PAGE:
b. 14/10/1861 Bourtie, Scotland. d. 23/11/1932 Sidmouth, Devon.
Charles James William Grant (1861-1932) was born on 14th October 1861 in Bourtie, Aberdeenshire, Scotland, the son of Lieutenant-General P.C.S. St John Grant, and Helen, daughter of Colonel William Birset. He was educated privately, and at the Royal Military College, Sandhurst. He joined the Suffolk Regiment on 10th May 1882, and the Madras Staff Corps two years later, 10th May 1884, taking part in the Burma Expedition, 1885-1887, earning the campaign medal and clasp.
In March 1891, during a revolt in the eastern Indian State of Manipur, several British officers were murdered, while others were imprisoned. Lieutenant CJW Grant of the Madras Staff Corps with a detachment of eighty Punjabi and Gurkha soldiers was stationed at the border post of Tamu, some 55 miles from Manipur. On hearing about the incident on 28th March, he immediately marched with his detachment for relief of the survivors. On 31st March, he arrived at Thobal about 15 miles from Manipur and immediately attacked and captured the village. He then proceeded to entrench his force. Next day, the Manipuris advanced towards Thobal in force. Without waiting for the enemy to attack, Lieutenant Grant with forty men went out to meet them and forming up, opened fire. For the next nine days, the intrepid young officer and his gallant men repulsed repeated attacks. Always keeping the initiative, and surprising the Manipuris with sallies, he inflicted heavy casualties and thoroughly demoralized them. Several offers of truce and safe passage were spurned by him. On 9th April, he received orders to withdraw towards a British force, which was then advancing towards Manipur. Eighty men had defied the entire army of a state for more than a week, losing just one man killed and four wounded, including Lieutenant Grant. The lieutenant and his men joined the relieving force and took further part in fighting during which he was again wounded. The British entered Manipur on 26th April, bringing an end to the rebellion. For his conspicuous bravery, inspirational leadership and devotion to duty, Lieutenant Charles Grant was awarded the Victoria Cross.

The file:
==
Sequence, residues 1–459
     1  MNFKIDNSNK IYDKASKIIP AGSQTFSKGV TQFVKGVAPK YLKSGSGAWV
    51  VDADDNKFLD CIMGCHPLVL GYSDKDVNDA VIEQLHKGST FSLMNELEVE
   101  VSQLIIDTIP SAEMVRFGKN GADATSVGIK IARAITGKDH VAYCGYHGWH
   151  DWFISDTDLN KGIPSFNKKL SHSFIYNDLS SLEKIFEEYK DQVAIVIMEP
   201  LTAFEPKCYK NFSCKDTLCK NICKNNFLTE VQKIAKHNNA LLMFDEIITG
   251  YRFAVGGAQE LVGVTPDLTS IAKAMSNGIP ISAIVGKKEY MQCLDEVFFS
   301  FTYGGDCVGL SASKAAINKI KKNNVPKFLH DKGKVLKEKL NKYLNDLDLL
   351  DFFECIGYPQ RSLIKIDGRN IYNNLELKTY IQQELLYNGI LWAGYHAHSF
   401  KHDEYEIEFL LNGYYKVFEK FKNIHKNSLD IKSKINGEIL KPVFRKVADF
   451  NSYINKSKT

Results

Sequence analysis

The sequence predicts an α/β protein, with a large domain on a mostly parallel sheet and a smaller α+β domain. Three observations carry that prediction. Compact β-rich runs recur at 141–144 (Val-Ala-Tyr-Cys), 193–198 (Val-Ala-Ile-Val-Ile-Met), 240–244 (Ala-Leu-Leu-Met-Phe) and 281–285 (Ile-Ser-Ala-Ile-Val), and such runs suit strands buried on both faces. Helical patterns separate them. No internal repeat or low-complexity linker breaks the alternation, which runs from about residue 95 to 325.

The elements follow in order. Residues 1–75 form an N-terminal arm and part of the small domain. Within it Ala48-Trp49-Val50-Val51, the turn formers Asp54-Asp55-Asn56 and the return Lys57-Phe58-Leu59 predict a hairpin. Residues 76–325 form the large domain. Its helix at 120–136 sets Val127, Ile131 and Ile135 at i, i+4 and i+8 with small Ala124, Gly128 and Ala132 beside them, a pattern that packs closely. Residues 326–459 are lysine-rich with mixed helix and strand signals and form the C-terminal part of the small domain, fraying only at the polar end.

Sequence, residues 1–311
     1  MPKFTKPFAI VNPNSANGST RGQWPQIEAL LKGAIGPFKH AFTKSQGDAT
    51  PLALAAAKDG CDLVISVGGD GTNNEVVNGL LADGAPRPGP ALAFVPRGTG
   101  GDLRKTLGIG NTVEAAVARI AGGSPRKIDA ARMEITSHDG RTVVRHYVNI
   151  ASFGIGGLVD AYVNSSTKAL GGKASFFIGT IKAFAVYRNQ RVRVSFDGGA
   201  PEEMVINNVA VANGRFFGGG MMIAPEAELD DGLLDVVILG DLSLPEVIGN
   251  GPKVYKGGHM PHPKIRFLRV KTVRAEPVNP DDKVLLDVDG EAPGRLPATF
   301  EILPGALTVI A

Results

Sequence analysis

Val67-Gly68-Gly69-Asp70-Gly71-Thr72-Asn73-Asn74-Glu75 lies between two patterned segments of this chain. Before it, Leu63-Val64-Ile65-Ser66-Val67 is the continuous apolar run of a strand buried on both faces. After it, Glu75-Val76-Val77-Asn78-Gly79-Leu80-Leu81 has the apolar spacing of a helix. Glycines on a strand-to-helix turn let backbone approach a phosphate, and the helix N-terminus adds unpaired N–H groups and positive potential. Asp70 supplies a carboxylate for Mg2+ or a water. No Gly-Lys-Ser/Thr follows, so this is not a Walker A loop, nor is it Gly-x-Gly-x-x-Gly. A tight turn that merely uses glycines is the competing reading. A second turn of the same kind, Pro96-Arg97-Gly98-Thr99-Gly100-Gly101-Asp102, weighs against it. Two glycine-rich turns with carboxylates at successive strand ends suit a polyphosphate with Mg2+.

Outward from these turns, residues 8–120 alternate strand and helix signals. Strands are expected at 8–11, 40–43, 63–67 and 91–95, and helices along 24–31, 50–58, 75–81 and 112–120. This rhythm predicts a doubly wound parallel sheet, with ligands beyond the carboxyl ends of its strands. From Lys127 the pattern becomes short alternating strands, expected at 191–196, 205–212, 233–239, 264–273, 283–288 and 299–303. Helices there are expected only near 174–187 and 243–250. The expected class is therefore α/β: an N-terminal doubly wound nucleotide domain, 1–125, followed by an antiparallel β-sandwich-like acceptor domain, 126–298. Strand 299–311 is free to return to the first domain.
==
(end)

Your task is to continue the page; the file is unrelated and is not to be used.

After the gazetting of his VC on 26th May 1891, he was presented with his medal on 6th July 1891 by the Governor of Madras, Lord Wenlock, at Octacamund, India. He was then appointed Aide-de-Camp to Lieutenant-General Sir J.C. Dormer, Commander in Chief, Madras. In the same year, he married Mary, daughter of T. Denton Scholes and widow of J.W. Langlois. He became Lieutenant-Colonel in June 1904, and Brevet Colonel in June 1907, before he retired in October 1913. During the Great War, he was DCO, attached to 3rd Royal Scots.
In retirement, he lived in Devon, and enjoyed fishing and shooting. He died at his home in Sidmouth, Devon on 23rd November 1932, aged 71. He was buried in Sidmouth Cemetery. Sadly, the grave over the years became in a state of disrepair, until October 2014, when it was renovated following the work of the Sidmouth Royal British Legion. His medals were sold at Spinks in 2011 for a hammer price of £230,000, and the purchaser is not known. They were auctioned at Dix Noonan Webb on 23rd June 2021 and sold for a hammer price of £420,000. The buyer was Lord Ashcroft, and they are now displayed in the Imperial War Museum.
LOCATION OF MEDAL: LORD ASHCROFT GALLERY, IMPERIAL WAR MUSEUM, LONDON.
SOLD AT DNW ON 23/06/2021 FOR £420,000.
BURIAL PLACE: SIDMOUTH CEMETERY, SIDMOUTH, DEVON.